- to act against or provide resistance to; combat.
- to stand in the way of; hinder; obstruct.
- to set as an opponent or adversary.
- to be hostile or adverse to, as in opinion: to oppose a resolution in a debate.
- to set as an obstacle or hindrance.
- to set against in some relation, especially as to demonstrate a comparison or contrast: to oppose advantages to disadvantages.
- to use or take as being opposite or contrary.
- to set (something) over against something else in place, or to set (two things) so as to face or be opposite to one another.
- to be or act in opposition.
Origin of oppose
1350–1400; Middle English < Old French opposer, blend of Latin oppōnere to set against and Old French poser to pose1, associated with the L past participle oppositus
SynonymsSee more synonyms for on Thesaurus.com
1. confront, contravene. Oppose, resist, withstand imply setting up a force against something. The difference between oppose and resist is somewhat that between offensive and defensive action. To oppose is mainly to fight against, in order to thwart, certain tendencies or procedures of which one does not approve: The lobbyists opposed the passage of the bill. Resist suggests that the subject is already threatened by the forces, or by the imminent possibility, against which he or she struggles: to resist temptation. Again, whereas oppose always suggests an attitude of great disapproval, resist may imply an inner struggle in which the will is divided: She tried unsuccessfully to resist the temptation to eat dessert. Withstand generally implies successful resistance; it may refer to endurance that allows one to emerge unharmed ( to withstand a shock ), as well as to active resistance: to withstand an attack. 2. prevent. 4. contradict.
Dictionary.com Unabridged Based on the Random House Unabridged Dictionary, © Random House, Inc. 2018
Examples from the Web for oppose
So far, just four members, including Gohmert and Yoho, have announced they will oppose Boehner on Tuesday.The YOLO Caucus' New Cry for Attention
January 4, 2015
But his words felt forced and were belied his 2004 vote to oppose marking Martin Luther King Jr.Steve Scalise Shows There’s a Fine Line Between Confederate & Southern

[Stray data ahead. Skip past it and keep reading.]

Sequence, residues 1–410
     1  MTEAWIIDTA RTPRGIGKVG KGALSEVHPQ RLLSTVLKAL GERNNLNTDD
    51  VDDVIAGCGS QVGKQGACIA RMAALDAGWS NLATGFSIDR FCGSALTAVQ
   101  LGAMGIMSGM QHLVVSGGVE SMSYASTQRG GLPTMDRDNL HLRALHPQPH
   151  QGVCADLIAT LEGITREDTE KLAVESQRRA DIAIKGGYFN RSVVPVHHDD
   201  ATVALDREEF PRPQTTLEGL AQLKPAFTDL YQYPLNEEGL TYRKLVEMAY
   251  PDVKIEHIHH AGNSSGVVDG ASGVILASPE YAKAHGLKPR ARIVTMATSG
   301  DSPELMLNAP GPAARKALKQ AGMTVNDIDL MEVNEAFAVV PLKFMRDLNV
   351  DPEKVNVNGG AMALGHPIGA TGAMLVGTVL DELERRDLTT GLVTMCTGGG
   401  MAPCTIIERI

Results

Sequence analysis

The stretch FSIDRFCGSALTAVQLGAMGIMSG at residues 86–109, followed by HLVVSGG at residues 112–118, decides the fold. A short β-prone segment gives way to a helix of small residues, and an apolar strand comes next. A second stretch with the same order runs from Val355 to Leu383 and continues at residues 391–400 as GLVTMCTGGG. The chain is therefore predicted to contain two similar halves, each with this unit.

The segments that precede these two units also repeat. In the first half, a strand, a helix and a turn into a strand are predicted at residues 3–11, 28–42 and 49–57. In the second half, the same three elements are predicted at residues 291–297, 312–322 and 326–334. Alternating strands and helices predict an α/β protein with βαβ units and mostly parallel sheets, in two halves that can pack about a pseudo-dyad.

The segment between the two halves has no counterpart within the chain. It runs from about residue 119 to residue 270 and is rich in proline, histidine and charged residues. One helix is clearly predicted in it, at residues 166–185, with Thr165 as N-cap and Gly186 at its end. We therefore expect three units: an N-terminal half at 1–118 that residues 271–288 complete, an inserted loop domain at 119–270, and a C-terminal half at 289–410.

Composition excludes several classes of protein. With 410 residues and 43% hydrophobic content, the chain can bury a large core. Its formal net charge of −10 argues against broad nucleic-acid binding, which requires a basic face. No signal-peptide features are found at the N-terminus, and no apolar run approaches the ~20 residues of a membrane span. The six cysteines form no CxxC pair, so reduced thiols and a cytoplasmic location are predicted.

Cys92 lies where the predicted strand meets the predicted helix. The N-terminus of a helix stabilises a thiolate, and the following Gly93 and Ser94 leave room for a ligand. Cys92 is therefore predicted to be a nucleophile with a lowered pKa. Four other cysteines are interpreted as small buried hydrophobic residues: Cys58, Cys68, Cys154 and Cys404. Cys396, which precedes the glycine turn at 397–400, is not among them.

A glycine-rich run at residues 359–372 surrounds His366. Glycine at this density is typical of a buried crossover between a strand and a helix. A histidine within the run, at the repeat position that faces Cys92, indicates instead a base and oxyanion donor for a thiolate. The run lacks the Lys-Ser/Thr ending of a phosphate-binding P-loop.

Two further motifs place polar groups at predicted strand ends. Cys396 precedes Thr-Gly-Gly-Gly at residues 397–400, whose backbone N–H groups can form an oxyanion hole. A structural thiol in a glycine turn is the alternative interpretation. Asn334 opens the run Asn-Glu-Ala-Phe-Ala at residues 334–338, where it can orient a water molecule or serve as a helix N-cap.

January 2, 2015
There is no such thing as a gay lifestyle, except in right-wing propaganda to oppose LGBT equality.How Canadian Oilmen Pinkwash the Keystone Pipeline
December 28, 2014
But if religious beliefs are fueling climate denial, then religious approaches are necessary to oppose it.Extreme Weather? Blame the End Times
November 28, 2014
They will also oppose any attempts to hunt grizzlies in their recognized ancestral homelands.What It Takes to Kill a Grizzly Bear
November 23, 2014
She must take her own way in silence, for they would be certain to oppose it!Weighed and Wanting
I oppose you only on account of our love and for our mutual happiness.The Dream
They gathered accordingly, to oppose the advance of the troops.The Story of the Malakand Field Force
Sir Winston S. Churchill
She seemed to be searching in the depths of her mind for some argument to oppose to my assertions.Green Mansions
W. H. Hudson
We felt confident that if most of the men did not go with us, they would not oppose us.Ned Myers
James Fenimore Cooper
- (tr) to fight against, counter, or resist strongly
- (tr) to be hostile or antagonistic to; be against
- (tr) to place or set in opposition; contrast or counterbalance
- (tr) to place opposite or facing
- (intr) to be or act in opposition
C14: via Old French from Latin oppōnere, from ob- against + pōnere to place
Collins English Dictionary - Complete & Unabridged 2012 Digital Edition © William Collins Sons & Co. Ltd. 1979, 1986 © HarperCollins Publishers 1998, 2000, 2003, 2005, 2006, 2007, 2009, 2012
Word Origin and History for oppose
Online Etymology Dictionary, © 2010 Douglas Harper